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by Abigail Van Buren

DEAR ABBY: I am being married in October and asked my best friend of 19 years to be my maid of honor. "Brianna" likes to dye the bottom of her hair red. I asked her to take the red out of her hair for the wedding, but she flat-out refused! When I told her that it is MY wedding and I don't want any red hair because it won't match my color scheme, her exact words were, "I don't care."

Am I wrong for asking Brianna to remove the dye? How do I get her to realize this is my wedding and I don't want to be upstaged! Please help me. -- SEEING RED IN MARYLAND

DEAR SEEING RED: I'll try. When you picked your best friend of 19 years to stand up with you at your wedding, you knew what she looked like. Either you should have picked another color scheme for the production, or chosen a cast member who was suitably mousy that she wouldn't dim your spotlight. Please note that I am using theatrical terms because you have lost sight of what a wedding really should be. What a shame.

DEAR ABBY: I am 20, and my life seems to be going nowhere. I graduated from high school two years ago and have put off going to college. I am obese and have no willpower to exercise to get healthy. I'm constantly thinking about the past. In high school I had few friends, none of whom keep in touch with me.

I recently bumped into a former guy friend at a store. We were close during my junior year, but he ignored me in my senior year. At the store, he didn't speak to me, which was hurtful. It reminded me of the pain I felt back in school. I always felt so alone.

My dream is to be an actress, go back to school and lose weight. But I can't actually see myself accomplishing any of it. I don't know what to do with myself anymore. Can you offer me some guidance? -- GOING CRAZY IN PHOENIX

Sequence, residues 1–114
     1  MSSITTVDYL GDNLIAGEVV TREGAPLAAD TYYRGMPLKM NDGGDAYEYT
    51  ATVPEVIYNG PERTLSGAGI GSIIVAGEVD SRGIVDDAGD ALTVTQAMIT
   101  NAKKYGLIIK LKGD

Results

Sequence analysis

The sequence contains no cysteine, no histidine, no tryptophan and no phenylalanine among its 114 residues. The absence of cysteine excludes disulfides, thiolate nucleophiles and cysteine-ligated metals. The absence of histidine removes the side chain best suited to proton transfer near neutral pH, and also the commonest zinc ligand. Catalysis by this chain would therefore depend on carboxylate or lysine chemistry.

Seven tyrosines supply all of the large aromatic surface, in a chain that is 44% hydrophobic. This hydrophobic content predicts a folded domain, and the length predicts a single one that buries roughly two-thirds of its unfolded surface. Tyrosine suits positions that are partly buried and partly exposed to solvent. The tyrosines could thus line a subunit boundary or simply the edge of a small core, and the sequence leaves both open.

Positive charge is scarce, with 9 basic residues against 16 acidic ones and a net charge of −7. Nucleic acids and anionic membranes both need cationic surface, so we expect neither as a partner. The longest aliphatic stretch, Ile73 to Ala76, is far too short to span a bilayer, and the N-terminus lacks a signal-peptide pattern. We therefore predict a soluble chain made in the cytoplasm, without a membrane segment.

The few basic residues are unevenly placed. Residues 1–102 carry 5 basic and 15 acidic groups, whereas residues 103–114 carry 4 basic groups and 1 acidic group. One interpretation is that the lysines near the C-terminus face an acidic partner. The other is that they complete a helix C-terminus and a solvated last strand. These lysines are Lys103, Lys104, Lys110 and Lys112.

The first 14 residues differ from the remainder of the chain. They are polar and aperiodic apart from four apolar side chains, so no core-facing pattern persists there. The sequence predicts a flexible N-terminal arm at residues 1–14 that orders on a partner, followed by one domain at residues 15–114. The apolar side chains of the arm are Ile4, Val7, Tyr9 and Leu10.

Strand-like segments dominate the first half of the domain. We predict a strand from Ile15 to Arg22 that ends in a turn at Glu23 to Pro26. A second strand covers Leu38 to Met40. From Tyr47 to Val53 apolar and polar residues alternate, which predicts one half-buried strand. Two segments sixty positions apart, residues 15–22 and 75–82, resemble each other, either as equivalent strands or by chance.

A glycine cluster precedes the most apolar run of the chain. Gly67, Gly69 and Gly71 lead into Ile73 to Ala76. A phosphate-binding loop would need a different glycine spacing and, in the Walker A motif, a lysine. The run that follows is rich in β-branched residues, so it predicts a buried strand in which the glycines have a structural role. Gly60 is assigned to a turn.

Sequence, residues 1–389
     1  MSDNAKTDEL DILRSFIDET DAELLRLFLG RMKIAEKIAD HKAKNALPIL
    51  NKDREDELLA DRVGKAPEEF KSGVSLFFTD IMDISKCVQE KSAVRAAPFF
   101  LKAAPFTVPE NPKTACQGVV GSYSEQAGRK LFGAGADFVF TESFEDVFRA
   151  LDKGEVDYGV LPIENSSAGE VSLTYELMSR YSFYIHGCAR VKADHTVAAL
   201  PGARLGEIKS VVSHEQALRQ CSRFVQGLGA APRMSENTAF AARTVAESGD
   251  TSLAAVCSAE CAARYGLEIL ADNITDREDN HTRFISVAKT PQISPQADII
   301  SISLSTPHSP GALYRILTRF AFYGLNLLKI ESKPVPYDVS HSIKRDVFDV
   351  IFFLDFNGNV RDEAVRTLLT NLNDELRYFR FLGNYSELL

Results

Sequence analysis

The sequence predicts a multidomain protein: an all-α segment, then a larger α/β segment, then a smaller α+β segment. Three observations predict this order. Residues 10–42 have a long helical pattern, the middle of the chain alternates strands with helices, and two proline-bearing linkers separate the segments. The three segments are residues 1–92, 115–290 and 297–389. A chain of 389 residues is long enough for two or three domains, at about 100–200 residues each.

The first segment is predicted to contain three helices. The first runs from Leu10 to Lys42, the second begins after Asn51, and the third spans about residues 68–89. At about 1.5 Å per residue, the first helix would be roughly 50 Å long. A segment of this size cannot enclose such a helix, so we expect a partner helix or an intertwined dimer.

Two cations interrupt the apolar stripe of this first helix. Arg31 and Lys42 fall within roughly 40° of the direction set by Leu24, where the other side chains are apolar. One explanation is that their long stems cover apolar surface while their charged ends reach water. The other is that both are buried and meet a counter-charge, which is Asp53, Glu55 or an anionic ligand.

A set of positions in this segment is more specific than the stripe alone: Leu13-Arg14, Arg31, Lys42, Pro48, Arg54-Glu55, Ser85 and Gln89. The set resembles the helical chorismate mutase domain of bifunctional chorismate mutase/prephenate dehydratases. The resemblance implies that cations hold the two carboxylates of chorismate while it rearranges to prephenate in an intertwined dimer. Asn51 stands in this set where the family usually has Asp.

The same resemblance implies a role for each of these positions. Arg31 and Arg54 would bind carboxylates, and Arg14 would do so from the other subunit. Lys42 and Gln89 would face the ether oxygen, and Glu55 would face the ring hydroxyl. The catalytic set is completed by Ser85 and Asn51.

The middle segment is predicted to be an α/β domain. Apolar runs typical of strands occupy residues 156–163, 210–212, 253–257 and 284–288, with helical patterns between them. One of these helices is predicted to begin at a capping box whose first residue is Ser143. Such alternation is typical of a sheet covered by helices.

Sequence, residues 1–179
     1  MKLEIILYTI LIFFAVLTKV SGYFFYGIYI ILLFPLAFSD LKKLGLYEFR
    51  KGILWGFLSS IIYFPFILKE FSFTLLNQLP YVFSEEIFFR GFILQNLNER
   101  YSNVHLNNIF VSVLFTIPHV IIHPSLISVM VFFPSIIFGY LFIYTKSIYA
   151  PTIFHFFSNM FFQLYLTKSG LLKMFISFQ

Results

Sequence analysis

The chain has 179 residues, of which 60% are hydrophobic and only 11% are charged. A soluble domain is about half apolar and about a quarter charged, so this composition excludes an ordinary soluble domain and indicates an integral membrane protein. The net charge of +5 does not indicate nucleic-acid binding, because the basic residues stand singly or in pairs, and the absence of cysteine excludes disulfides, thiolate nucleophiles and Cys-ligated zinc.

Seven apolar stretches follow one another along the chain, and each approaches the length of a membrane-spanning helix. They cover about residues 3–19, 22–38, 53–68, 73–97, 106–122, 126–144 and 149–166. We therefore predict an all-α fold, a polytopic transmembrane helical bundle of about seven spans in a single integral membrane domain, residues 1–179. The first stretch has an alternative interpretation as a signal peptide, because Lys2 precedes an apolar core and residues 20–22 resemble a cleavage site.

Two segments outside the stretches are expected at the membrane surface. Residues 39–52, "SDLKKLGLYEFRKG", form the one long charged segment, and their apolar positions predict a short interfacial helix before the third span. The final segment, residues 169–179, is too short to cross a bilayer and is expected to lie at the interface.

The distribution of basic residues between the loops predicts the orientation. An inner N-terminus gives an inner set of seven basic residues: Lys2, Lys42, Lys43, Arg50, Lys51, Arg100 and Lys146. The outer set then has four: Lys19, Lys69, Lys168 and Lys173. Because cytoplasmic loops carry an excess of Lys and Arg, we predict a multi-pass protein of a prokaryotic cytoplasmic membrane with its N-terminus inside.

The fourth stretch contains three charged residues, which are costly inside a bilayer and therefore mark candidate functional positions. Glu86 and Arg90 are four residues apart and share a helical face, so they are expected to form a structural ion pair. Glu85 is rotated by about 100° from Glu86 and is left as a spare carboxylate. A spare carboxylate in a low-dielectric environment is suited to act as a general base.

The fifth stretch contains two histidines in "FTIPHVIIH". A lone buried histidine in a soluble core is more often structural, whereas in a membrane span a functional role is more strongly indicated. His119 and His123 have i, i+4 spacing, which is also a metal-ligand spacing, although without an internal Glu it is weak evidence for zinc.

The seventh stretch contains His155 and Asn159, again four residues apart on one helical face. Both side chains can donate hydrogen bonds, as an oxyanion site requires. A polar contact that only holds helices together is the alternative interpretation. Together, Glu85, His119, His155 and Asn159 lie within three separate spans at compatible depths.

DEAR GOING CRAZY: I'm glad you wrote, because you may suffer from long-term depression. Please schedule an appointment with a doctor and tell him or her exactly what you have described to me. With help, you may be able to stop needing to comfort yourself with food and find the energy you need to become more active.

If you want to be an actress, see what acting classes are available in Phoenix and if there is any regional theater. Not all actresses have to be skinny.

And one more thing. The former classmate you saw in the store may not have seen you, which is why he didn't say hello, or he may not have matured since graduation. This is not a reflection of what you are worth -- it's a reflection on him.

DEAR ABBY: It is picnic and barbecue season, and I would like to inform you of a disturbing trend that seems to be growing. When guests arrive at gatherings, they tend to prepare "to go" plates as soon as they arrive, take the plates to their cars, and then return to eat as if they had just arrived.

My mother-in-law thinks this practice is just fine. I think it is tasteless, to say the least. Will you please settle this disagreement between us? -- APPALLED IN CHICAGO

DEAR APPALLED: If this is a "trend," this is the first time I have heard about it. You may feel that taking food from a party to a hot car and returning to attend the gathering is "tasteless." I think it's downright dangerous because it could lead to food poisoning. The time to take leftovers is at the END of the party.

Good advice for everyone -- teens to seniors -- is in "The Anger in All of Us and How to Deal With It." To order, send a business-size, self-addressed envelope, plus check or money order for $6 (U.S. funds only) to: Dear Abby -- Anger Booklet, P.O. Box 447, Mount Morris, IL 61054-0447. (Postage is included in the price.)